PPPS Second Grade Teacher Kim Hunt said, “I’m standing for all employees and my main concern is our insurance.”

Mason County staff members also commented on what it will take for this issue to be resolved.

Nibert said, “We could have a lot of jobs come into the state, but you’ve got to have educated and drug free people going into these jobs and it all starts at home. I went through this school system myself and the teachers, and the cooks, and the bus drivers, they inspired me to go on and get an education and come back into this field.”

Watterson said, “For the delegates to quit voting on just their party lines and come together as one and do what’s right, instead of doing what they think is right for their party.”

Hunt added, “Personal agendas need to be set aside and the parties need to be working together for the state, there is too much of a divide between Republican and Democrat.”

While staff were participating in the walkouts outside their buildings and inside the Capitol on Thursday, the AP reported the West Virginia House unanimously voted to use part of annual budget surpluses to help fund their health insurance. The bill, which needs Senate approval, would dedicate 20 percent of general revenue surpluses to stabilize PEIA. According to legislators, the state’s year-end surpluses have ranged from about $12 million to $339 million. Half those surpluses go to West Virginia’s rainy day fund. While the PEIA board has agreed to freeze insurance rates next year using money found somewhere in the state budget, the teachers want a more permanent funding fix.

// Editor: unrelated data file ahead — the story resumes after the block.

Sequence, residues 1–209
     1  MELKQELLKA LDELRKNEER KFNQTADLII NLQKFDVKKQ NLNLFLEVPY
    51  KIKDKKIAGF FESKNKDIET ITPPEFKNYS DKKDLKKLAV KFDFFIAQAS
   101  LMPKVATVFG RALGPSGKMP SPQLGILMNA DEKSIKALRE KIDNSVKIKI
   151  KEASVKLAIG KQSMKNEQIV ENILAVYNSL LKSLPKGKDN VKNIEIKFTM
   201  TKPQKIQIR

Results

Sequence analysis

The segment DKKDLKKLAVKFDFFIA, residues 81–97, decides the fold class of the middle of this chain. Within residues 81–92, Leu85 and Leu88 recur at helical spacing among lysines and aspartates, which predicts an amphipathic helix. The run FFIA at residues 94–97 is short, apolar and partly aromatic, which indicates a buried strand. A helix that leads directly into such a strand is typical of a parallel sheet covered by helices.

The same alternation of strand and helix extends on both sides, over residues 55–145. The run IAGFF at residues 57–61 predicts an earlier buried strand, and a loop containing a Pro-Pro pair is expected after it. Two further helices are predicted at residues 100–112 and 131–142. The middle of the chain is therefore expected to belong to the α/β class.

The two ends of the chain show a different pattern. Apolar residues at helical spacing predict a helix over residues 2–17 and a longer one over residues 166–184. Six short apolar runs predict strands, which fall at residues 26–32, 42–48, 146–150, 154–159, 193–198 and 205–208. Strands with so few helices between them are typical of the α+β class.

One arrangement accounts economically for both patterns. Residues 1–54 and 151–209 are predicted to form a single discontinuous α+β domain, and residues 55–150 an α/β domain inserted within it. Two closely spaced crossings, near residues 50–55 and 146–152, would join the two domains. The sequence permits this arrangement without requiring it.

Back at Roosevelt Thursday afternoon, as the rain came down, the spirits did not. When Click was asked what he would say to the leadership at the State Capitol, he said, “We want to work with them…we’ll lose everything if we don’t stand up for it now.”

Mason County Schools staff are awaiting word from union leadership over the weekend to determine if the walkouts will continue.

The Associated Press Contributed to this report.

Point Pleasant Primary School teachers showing their support for public employees on Thursday.